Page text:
Tisa Adkinson, DO
Child and Adolescent and Addiction Psychiatrist, CARES, the Child and Family Institute, New York, NY
Dr. Adkinson has disclosed that she has no relevant relationships or commercial interests in any companies related to this educational activity.Pavan Madan, MD
Child and Adolescent Psychiatry Fellow, Mount Sinai St. Luke’s-Roosevelt Hospital Center, New York, NY
Dr. Madan has disclosed that he has no relevant relationships or commercial interests in any companies related to this educational activity.
Cannabis, commonly known as marijuana, is the most commonly used illicit drug in the United States. In 2012, nearly 40% of American 12th graders had used it at some point, and one in four had used within the past month.
Simultaneously, as the use of marijuana has increased in recent years, the perceived risk from smoking marijuana has decreased (Johnston LD et al. Monitoring the Future national survey results on drug use, 1975–2012: Volume I, Secondary school students. Ann Arbor: Institute for Social Research, The University of Michigan;2013). Considering the increased efforts to legalize marijuana in many states, greater public awareness of marijuana and its potential medicinal uses, and new research on cannabis and its constituents, it is essential that psychiatrists understand some of its proposed benefits—and fundamental risks.
Effects of Marijuana
Marijuana is derived from the flowers and surrounding leaves of the Cannabis sativa plant. The psychoactive effects are experienced almost immediately after consuming it (usually by smoking or oral ingestion), peak in about 30 minutes, and diminish in about four hours.
Subjective pleasurable effects include a feeling of relaxation, euphoria, and laughter. Negative effects include dizziness, perception of slowing of time, drowsiness, paranoia, increased appetite, and short-term memory loss.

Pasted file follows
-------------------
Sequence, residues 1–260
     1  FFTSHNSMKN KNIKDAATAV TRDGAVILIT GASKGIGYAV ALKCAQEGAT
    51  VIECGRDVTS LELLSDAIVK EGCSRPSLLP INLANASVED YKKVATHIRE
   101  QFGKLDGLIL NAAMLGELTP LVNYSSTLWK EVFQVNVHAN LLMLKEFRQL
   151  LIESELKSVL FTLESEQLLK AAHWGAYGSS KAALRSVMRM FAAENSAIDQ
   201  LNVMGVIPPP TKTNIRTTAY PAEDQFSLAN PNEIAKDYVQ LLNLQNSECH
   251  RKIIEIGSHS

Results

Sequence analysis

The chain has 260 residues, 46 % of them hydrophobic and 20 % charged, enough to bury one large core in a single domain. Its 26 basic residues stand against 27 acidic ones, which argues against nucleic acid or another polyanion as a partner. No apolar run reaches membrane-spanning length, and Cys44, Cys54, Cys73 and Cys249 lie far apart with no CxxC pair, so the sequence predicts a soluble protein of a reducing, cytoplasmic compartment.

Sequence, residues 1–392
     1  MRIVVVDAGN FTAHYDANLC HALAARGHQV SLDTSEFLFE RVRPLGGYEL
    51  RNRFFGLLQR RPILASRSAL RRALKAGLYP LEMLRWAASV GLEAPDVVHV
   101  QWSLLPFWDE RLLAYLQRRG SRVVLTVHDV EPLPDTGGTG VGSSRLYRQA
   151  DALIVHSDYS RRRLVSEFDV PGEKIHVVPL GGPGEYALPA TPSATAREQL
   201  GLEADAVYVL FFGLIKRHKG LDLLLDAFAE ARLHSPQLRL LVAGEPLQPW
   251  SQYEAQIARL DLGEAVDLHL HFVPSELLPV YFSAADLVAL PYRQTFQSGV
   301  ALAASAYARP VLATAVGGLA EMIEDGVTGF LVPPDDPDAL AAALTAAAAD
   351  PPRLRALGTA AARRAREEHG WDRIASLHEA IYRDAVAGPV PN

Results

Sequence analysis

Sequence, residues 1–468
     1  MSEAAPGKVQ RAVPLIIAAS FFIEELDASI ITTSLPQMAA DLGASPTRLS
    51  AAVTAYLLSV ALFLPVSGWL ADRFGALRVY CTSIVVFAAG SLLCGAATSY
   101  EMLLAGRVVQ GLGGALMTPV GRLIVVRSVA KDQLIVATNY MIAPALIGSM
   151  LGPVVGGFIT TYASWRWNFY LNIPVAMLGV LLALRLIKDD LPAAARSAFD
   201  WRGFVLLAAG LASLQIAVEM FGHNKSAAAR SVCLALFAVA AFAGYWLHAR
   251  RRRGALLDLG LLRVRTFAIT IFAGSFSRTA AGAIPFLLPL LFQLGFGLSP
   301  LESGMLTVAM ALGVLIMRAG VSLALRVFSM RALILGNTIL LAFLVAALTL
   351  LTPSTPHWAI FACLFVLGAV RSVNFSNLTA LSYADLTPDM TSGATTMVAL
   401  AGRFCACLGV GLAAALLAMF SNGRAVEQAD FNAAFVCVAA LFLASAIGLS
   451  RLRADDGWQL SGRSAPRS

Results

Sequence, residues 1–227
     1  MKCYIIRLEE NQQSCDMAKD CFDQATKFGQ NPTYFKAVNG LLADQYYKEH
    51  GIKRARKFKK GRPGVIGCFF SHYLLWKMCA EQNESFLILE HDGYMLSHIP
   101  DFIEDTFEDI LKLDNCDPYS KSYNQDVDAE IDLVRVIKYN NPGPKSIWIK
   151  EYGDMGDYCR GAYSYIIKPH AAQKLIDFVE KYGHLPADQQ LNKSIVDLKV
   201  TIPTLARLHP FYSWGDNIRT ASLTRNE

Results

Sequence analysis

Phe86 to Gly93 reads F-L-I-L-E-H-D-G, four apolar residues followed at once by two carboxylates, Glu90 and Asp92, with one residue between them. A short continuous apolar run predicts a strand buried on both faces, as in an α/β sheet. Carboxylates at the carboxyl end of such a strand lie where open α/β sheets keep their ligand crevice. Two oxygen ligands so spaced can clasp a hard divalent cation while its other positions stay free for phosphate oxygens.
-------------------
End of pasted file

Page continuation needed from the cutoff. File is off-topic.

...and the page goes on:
Cannabis use has also been associated with impairments in ability to focus, loss of coordination, and heightened body awareness (Campbell FA et al, BMJ 2001;323(7303):13–16). These effects may persist for weeks to months after discontinuing the use of cannabis, especially in heavy and frequent users (Gonzalez R, Neuropsychol Rev 2007;17(3):347–361).
Young brains appear to be especially sensitive to the effects of cannabis. Cannabis use increases the risk of developing poor overall mental health, depression, anxiety, attention difficulties, poor school performance, and other substance use. (Yes, there appears to be real evidence for the ‘gateway drug’ phenomenon [Oltheus JV et al, Drug Alcohol Rev 2013;32(1):67–71]).
The risk is higher in females, heavy users, and those with early age of first use (van Gastel WA et al, Community Ment Health J 2014;online ahead of print). A recent longitudinal study demonstrated that persistent cannabis use was associated with significant decline in IQ and global neuropsychological functioning, particularly in adolescent-onset (vs adult-onset) and chronic users, even after controlling for other substance use and years of education (Meier MH et al, Proc Natl Acad Sci USA 2012;109(40):E2657–E2664).
Several large-scale studies have also reported that adolescent cannabis users have an increased incidence of schizophrenia later in life, with heavier use associated with increased risk (Manrique-Garcia E, Psychol Med 2012;42(6):1321–1328). While the mechanism of this effect has yet to be determined, it appears that cannabis may precipitate the onset of psychosis in individuals who have a genetic or developmental vulnerability (Degenhardt L et al, Drug Alcohol Depend 2003;71(1):37–48).
Neurochemistry of Marijuana
The Cannabis sativa plant has been found to have over 500 chemical constituents, of which 85 are cannabinoids, ie, compounds that act on cannabinoid receptors.
The most psychoactive constituent of cannabis is delta-9 tetrahydrocannabinol (THC). Concentrations of THC in marijuana have been steadily rising over the years. According to the University of Mississippi’s Potency Monitoring Project, THC concentrations in samples of marijuana have risen from 1%–2% in the 1960s to an average of 9% today (see for example Mehmedic Z et al, J Forensic Sci 2010;55(5):1209–1217). A typical marijuana cigarette (“joint”) contains about 20 mg of THC derived from one gram of leaves and buds of the C. sativa plant.